Tuesday, August 24, 2010

FEATURED: Charles Willeford

Although he certainly wrote some outright crime novels (the excellent Hoke Mosley series comes to mind), Charles Willeford wasn't a strict practitioner of the art. Oftentimes an actual criminal act was only a small element of the story. Instead, his characters were precise psychos with strange specialized knowledge and firm cultural opinions. His books delved into the determined heads of cockfighters, art critics, yuppie horndogs, and alcoholic artists with obsessive detail.








I Was Looking for a Street, $15.95
" “I'm proud to say I knew the man who wrote this book,” writes Elmore Leonard of cult crime writer Charles Willeford's moving memoir of his youth. “It is pure writing, never pretentious or forced, never melodramatic, but honest storytelling of the highest order. This is how to do it, if anyone wants to know: how to write simple prose from a young boy's point of view and hold the reader spellbound.” I Was Looking for a Street tells the story of the author's childhood and adolescence as an orphan, as he moves from railroad yards to hobo tent cities, to soup kitchens and deserts around Los Angeles and across the United States. The ensuing tale is at once a picaresque adventure through Depression-era America and a portrait of the writer as a young man of seemingly little promise but great spirit. Written after Willeford's later literary success with Cockfighter, Miami Blues and The Woman Chaser, this memoir is the work of a writer at the height of his powers, looking back without nostalgia or regret, and preserving in his clear and powerful prose the great American adventure of his youth."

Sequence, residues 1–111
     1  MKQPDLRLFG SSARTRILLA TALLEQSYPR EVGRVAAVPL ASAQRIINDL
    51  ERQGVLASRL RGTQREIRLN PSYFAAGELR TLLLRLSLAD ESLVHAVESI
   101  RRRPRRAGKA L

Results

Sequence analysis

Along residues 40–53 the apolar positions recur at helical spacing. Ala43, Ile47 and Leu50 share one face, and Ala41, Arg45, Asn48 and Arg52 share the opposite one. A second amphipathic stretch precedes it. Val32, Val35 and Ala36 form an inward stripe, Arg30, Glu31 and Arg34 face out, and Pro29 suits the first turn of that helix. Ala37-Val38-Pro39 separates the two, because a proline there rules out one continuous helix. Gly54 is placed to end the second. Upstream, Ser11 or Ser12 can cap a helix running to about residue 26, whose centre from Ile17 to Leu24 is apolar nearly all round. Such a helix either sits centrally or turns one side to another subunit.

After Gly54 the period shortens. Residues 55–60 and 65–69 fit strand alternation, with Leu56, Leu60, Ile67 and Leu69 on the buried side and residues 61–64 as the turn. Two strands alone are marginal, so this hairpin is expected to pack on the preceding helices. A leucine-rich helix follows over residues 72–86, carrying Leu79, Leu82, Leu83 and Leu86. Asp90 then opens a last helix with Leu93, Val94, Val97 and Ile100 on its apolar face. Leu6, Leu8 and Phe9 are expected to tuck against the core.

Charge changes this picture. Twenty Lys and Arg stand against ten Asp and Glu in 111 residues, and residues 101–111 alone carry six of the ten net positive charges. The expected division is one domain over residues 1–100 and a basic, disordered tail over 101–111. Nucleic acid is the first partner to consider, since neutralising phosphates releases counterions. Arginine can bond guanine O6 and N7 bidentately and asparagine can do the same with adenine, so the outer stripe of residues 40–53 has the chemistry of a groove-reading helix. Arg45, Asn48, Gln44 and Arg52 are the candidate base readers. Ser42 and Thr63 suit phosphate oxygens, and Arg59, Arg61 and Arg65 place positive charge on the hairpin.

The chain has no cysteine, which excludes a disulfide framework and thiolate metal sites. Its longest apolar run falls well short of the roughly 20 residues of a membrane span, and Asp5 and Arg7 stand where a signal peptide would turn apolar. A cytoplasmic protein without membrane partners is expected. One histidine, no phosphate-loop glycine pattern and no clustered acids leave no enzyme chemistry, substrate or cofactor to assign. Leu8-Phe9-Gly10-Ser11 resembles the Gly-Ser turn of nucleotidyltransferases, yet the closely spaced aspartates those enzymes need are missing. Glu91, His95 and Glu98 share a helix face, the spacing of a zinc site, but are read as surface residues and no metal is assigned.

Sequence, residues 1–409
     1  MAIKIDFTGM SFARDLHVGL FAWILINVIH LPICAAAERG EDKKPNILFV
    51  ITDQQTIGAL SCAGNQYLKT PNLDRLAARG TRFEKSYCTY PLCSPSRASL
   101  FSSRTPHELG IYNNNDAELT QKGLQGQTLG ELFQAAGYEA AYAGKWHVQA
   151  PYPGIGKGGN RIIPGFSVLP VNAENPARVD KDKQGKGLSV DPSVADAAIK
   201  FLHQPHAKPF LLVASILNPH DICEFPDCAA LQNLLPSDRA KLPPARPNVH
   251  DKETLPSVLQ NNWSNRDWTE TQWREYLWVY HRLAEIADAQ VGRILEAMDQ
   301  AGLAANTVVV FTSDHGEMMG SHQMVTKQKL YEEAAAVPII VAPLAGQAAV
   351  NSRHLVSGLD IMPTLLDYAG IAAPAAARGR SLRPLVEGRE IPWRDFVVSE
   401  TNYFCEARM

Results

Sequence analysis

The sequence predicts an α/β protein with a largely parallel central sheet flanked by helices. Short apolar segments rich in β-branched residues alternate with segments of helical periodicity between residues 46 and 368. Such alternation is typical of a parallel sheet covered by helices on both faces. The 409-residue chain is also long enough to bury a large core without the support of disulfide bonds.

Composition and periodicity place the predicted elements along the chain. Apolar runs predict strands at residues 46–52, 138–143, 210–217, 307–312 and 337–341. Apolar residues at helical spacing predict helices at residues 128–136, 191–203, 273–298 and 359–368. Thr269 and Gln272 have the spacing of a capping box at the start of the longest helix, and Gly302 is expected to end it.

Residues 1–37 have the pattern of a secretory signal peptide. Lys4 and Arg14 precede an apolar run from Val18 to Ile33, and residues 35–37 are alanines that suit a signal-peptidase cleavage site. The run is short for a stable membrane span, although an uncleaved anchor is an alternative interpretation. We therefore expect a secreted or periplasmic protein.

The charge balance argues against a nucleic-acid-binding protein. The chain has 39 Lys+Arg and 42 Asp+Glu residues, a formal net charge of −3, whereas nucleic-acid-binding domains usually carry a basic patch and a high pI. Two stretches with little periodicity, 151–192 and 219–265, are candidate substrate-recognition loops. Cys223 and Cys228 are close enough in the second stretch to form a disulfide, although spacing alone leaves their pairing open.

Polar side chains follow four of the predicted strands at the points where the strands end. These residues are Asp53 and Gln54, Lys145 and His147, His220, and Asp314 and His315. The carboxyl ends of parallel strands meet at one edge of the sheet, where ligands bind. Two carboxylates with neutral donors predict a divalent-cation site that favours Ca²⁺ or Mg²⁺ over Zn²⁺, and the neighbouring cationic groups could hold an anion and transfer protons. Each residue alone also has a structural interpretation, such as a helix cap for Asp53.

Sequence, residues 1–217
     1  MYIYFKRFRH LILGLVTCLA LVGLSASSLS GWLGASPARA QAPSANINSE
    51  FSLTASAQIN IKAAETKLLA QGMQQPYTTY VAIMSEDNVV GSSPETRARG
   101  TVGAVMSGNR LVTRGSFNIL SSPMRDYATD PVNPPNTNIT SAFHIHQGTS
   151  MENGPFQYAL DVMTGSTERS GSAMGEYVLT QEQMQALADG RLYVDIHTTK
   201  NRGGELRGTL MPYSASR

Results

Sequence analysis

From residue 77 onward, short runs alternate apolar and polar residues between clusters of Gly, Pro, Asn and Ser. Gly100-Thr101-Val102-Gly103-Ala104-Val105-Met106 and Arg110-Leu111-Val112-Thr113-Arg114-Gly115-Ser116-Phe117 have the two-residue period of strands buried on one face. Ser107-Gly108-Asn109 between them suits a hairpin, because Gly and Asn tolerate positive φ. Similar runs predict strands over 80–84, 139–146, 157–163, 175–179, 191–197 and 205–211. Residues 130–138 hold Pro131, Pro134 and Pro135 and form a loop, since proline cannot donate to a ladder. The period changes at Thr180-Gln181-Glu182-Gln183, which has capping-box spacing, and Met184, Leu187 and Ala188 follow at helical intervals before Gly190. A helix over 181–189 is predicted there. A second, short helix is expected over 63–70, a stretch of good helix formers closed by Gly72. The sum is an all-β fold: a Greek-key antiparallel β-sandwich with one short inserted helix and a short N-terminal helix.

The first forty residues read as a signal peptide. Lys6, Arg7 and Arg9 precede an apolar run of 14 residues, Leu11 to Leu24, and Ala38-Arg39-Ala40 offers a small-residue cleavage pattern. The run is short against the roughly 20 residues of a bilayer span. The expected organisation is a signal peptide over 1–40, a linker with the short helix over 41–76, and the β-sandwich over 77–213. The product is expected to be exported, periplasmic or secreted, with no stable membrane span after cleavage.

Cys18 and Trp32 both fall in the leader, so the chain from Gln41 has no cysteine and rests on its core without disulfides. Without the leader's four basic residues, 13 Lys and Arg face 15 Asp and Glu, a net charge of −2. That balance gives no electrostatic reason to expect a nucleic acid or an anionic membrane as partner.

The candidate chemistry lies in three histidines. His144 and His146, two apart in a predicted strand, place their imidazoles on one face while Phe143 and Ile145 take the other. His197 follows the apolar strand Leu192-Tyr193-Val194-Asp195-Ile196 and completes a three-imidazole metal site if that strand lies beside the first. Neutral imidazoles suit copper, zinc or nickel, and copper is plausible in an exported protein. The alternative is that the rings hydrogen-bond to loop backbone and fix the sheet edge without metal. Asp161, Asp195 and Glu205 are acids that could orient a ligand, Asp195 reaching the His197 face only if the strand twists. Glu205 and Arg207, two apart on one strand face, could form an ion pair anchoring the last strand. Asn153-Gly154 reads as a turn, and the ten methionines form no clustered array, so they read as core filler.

Wild Wives, $12.95
"Jake Blake is a private detective short on cash when he meets a rich and beautiful young woman looking to escape her father’s smothering influence. Unfortunately for Jake, the smothering influence includes two thugs hired to protect her—and the woman is in fact not the daughter of the man she wants to escape, but his wife. Now Jake has two angry thugs and one jealous husband on his case. As Jake becomes more deeply involved with this glamorous and possibly crazy woman, he becomes entangled in a web of deceit, intrigue—and multiple murders. Brilliant, sardonic, and full of surprises, Wild Wives is one wild ride." His only true "PI" detective tale, but pretty demented.








Honey Gal, $14.95

"The Black Mass of Brother Springer was the next title he tried, but Beacon changed that to Honey Gal before publication in 1958. In an essay that year for Writers Digest, Willeford ruminated on why the title you stew over will be changed more often than not. There are many reasons. A strong protest from the illustrator, for instance, claiming that your title detracts from his four-color layout of a girl tied to a tree being whipped by six gorillas is enough to change your title. After only five years, he was a hardened veteran of the paperback original jungle, and knew how it worked. Honey Gal doesn't really cut it as the title for what some people feel is Willeford's best existentialist novel, an absurdist look at segregation in the South. This novel and the three preceding it are all essential Willeford, in my opinion."


These books, and thousands of others, can be purchased from:

Brickbat Books
709 South Fourth Street
Philadelphia, PA 19147

215 592 1207

Open every day, 11am to 7pm.

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